Metabolic and Bactericidal Effects of Targeted Suppression of NadD and NadE Enzymes in Mycobacteria
Rodionova, Irina A.
Schuster, Brian M.
Guinn, Kristine M.
Scott, David A.
Osterman, Andrei L.Note: Order does not necessarily reflect citation order of authors.
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CitationRodionova, I. A., B. M. Schuster, K. M. Guinn, L. Sorci, D. A. Scott, X. Li, I. Kheterpal, et al. 2014. “Metabolic and Bactericidal Effects of Targeted Suppression of NadD and NadE Enzymes in Mycobacteria.” mBio 5 (1): e00747-13. doi:10.1128/mBio.00747-13. http://dx.doi.org/10.1128/mBio.00747-13.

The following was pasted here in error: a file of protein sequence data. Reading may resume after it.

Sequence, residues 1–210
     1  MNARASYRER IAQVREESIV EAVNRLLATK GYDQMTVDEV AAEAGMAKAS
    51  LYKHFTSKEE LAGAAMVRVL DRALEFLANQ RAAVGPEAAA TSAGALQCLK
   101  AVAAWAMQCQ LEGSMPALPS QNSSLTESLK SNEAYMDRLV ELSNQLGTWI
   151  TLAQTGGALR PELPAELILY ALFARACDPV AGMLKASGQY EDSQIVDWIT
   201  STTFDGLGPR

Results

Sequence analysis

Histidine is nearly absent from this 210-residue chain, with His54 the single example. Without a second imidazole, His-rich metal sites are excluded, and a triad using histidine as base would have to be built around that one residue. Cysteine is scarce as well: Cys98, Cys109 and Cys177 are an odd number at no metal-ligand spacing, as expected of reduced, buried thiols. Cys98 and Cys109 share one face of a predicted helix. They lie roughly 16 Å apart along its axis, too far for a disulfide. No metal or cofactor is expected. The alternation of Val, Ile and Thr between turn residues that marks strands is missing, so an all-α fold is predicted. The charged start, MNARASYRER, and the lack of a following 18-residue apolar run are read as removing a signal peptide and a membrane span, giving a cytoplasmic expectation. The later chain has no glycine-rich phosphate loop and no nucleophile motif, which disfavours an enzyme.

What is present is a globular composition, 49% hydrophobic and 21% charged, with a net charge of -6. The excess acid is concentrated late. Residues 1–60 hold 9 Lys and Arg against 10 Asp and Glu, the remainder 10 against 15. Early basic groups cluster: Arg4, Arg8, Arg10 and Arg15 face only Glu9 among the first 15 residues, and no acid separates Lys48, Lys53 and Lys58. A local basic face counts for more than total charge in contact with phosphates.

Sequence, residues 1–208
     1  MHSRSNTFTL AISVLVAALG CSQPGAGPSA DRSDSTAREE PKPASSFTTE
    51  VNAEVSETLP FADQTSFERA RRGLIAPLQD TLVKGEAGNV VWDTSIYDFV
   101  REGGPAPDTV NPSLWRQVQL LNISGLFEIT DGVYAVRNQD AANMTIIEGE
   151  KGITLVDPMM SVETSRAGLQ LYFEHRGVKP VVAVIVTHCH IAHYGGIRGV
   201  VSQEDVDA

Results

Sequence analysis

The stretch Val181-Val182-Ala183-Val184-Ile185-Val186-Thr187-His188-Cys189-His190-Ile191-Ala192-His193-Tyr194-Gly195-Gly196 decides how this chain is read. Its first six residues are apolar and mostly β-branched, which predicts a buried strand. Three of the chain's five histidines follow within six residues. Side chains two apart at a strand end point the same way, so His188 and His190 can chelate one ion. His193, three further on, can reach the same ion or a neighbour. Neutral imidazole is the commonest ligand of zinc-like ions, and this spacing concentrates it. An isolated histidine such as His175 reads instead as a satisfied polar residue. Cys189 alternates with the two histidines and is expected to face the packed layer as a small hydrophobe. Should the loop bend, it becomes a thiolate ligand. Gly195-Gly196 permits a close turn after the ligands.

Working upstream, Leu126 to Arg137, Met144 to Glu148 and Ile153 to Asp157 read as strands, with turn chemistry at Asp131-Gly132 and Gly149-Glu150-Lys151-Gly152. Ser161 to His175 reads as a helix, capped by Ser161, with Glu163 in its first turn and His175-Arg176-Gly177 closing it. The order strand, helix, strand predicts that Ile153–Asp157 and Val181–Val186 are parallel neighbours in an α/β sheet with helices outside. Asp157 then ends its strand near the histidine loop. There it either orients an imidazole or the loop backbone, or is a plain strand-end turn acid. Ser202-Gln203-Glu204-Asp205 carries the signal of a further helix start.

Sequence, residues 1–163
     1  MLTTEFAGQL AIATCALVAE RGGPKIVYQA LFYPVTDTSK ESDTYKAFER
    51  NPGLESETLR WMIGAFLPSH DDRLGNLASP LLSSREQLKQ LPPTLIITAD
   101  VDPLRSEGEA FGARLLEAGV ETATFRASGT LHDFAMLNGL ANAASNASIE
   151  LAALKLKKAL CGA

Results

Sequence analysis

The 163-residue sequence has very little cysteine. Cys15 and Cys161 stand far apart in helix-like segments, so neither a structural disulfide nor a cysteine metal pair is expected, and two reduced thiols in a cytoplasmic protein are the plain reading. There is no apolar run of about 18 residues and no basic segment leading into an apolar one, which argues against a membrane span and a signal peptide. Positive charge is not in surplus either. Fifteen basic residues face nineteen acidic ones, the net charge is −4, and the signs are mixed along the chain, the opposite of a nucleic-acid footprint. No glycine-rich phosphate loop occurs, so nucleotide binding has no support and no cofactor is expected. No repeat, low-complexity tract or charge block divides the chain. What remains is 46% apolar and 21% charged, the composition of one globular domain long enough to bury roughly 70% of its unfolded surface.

AbstractABSTRACT Mycobacterium tuberculosis remains a major cause of death due to the lack of treatment accessibility, HIV coinfection, and drug resistance. Development of new drugs targeting previously unexplored pathways is essential to shorten treatment time and eliminate persistent M. tuberculosis. A promising biochemical pathway which may be targeted to kill both replicating and nonreplicating M. tuberculosis is the biosynthesis of NAD(H), an essential cofactor in multiple reactions crucial for respiration, redox balance, and biosynthesis of major building blocks. NaMN adenylyltransferase (NadD) and NAD synthetase (NadE), the key enzymes of NAD biosynthesis, were selected as promising candidate drug targets for M. tuberculosis. Here we report for the first time kinetic characterization of the recombinant purified NadD enzyme, setting the stage for its structural analysis and inhibitor development. A protein knockdown approach was applied to validate bothNadD and NadE as target enzymes. Induced degradation of either target enzyme showed a strong bactericidal effect which coincided with anticipated changes in relative levels of NaMN and NaAD intermediates (substrates of NadD and NadE, respectively) and ultimate depletion of the NAD(H) pool. A metabolic catastrophe predicted as a likely result of NAD(H) deprivation of cellular metabolism was confirmed by 13C biosynthetic labeling followed by gas chromatography-mass spectrometry (GC-MS) analysis. A sharp suppression of metabolic flux was observed in multiple NAD(P)(H)-dependent pathways, including synthesis of many amino acids (serine, proline, aromatic amino acids) and fatty acids. Overall, these results provide strong validation of the essential NAD biosynthetic enzymes, NadD and NadE, as antimycobacterial drug targets.
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